An overnight frost with a light breeze led to a chilly wait on the corner of Cleveland Street whilst everyone turned up for the 10am start. After a brief health and safety, followed by a quick whizz through the history of the site, we set off on the newly surfaced path past the allotments down towards Liverton Viaduct (also called Kilton Viaduct or Loftus Viaduct). I’d always wondered why it was called a viaduct when it clearly wasn’t a viaduct except it turns out it is a viaduct except one of the pillars was dodgy in 1911 and so they dumped vast amounts of mine waste on it to turn it into a vast pile of mine waste with a railway track on the top but a viaduct inside…which nature has since recolonized to get what we see today. Some old photos of it all can be seen here http://www.image-archive.org.uk/?s=Kilton+Viaduct&submit.x=13&submit.y=10 .
We walked out into the middle from where it is possible to look down to the sea and the village of Skinningrove,
and then up the Kilton Beck valley which forms one of the longest continuously wooded areas within the Tees Valley.
After a bit of discussion and some of the group going even further along where they found fruiting shrubs of apple (the eating type) and the locally scarce native shrub spindle, we went back to the valley edge and then along the top path. A quick sidestep later and we had all strung ourselves out onto a narrow path between the mine spoil heaps and the ancient woodland. Our way descended gently and we wandered through, stepping on rustlingly crisp leaves and identifying the trees and vegetation around us.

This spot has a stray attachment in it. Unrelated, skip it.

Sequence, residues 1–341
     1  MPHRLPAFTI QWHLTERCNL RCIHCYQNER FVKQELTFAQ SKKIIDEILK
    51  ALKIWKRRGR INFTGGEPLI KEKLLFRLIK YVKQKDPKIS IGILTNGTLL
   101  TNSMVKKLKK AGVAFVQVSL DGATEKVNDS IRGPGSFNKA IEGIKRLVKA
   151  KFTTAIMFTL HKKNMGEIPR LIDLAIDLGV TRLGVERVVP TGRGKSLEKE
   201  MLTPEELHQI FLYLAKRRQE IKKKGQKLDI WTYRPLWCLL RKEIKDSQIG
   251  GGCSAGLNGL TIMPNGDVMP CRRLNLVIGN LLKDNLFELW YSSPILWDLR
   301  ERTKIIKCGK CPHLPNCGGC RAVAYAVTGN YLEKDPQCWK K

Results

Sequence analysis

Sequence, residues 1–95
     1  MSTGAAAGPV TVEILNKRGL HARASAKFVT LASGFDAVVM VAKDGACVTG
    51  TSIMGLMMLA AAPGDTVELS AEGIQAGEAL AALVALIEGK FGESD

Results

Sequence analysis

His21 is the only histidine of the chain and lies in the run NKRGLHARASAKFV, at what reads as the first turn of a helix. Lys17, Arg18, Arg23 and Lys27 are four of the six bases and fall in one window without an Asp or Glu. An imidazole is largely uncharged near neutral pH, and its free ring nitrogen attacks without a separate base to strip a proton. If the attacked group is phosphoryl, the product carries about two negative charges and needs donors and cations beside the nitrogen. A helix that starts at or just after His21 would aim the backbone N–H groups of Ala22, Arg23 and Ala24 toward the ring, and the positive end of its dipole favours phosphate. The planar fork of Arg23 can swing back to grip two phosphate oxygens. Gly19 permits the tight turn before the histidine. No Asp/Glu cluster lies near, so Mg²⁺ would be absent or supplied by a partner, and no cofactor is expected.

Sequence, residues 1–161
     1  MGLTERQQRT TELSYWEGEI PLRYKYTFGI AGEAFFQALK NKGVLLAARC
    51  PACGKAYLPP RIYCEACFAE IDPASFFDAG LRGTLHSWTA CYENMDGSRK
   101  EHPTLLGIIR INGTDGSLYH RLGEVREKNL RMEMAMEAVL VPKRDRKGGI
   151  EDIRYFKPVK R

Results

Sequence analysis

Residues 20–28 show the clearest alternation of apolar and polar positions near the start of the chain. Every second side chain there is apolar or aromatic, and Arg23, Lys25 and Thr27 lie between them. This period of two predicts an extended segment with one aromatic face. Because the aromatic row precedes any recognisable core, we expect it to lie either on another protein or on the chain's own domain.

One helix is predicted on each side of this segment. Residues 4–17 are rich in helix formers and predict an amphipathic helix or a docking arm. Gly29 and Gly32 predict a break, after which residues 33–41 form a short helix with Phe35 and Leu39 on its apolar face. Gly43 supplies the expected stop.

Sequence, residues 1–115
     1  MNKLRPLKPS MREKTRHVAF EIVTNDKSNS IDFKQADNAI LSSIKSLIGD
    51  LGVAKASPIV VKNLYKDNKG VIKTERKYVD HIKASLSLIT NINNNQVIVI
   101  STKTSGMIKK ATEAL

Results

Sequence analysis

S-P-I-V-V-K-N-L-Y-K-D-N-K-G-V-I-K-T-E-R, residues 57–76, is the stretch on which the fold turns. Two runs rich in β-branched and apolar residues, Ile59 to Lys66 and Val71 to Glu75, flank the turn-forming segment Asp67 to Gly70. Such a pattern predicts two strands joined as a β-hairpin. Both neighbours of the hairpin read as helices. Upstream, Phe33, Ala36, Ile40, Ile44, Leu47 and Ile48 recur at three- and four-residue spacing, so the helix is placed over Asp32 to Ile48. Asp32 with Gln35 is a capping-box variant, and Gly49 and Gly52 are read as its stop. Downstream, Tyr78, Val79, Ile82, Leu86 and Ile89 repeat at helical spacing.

Eventually we reached the steps of the summer walk and then we descended to the bridge and ford below. Heading upstream towards the locally rare Dutch Rush we then passed the knobbly coppiced ancient alder tree and went uphill where we stopped for chocolate (an interesting blackcurrant and liquorice which sounds a bit wrong but was cleverly teamed with the right sort of dark chocolate and so was most definitely right, creamy cappuccino, and a mint).
Then off along the narrow path climbing over fallen poplar (a non-native that had been planted here) by the decayed trunks of wych elm felled by dutch elm disease in the 1980’s but still wrapped with living ivy flowering some 30 years later, and on near the pond with orange seepage possibly from the ironstone mines, until we stopped by the small-leaved limes that have been coppiced over and over again for hundreds of years. Nearby was a very large and old coppiced downy birch.
A long climb then followed, up a stepped path with the occasional pause for fungi or to discuss what a sessile oak leaf looks like before continuing up to the top of the wood and then onwards to rejoin the path between the mine spoil and the ancient woodland before turning back towards the village of Liverton Mines.
Thank you to Audrey for the last three photos 🙂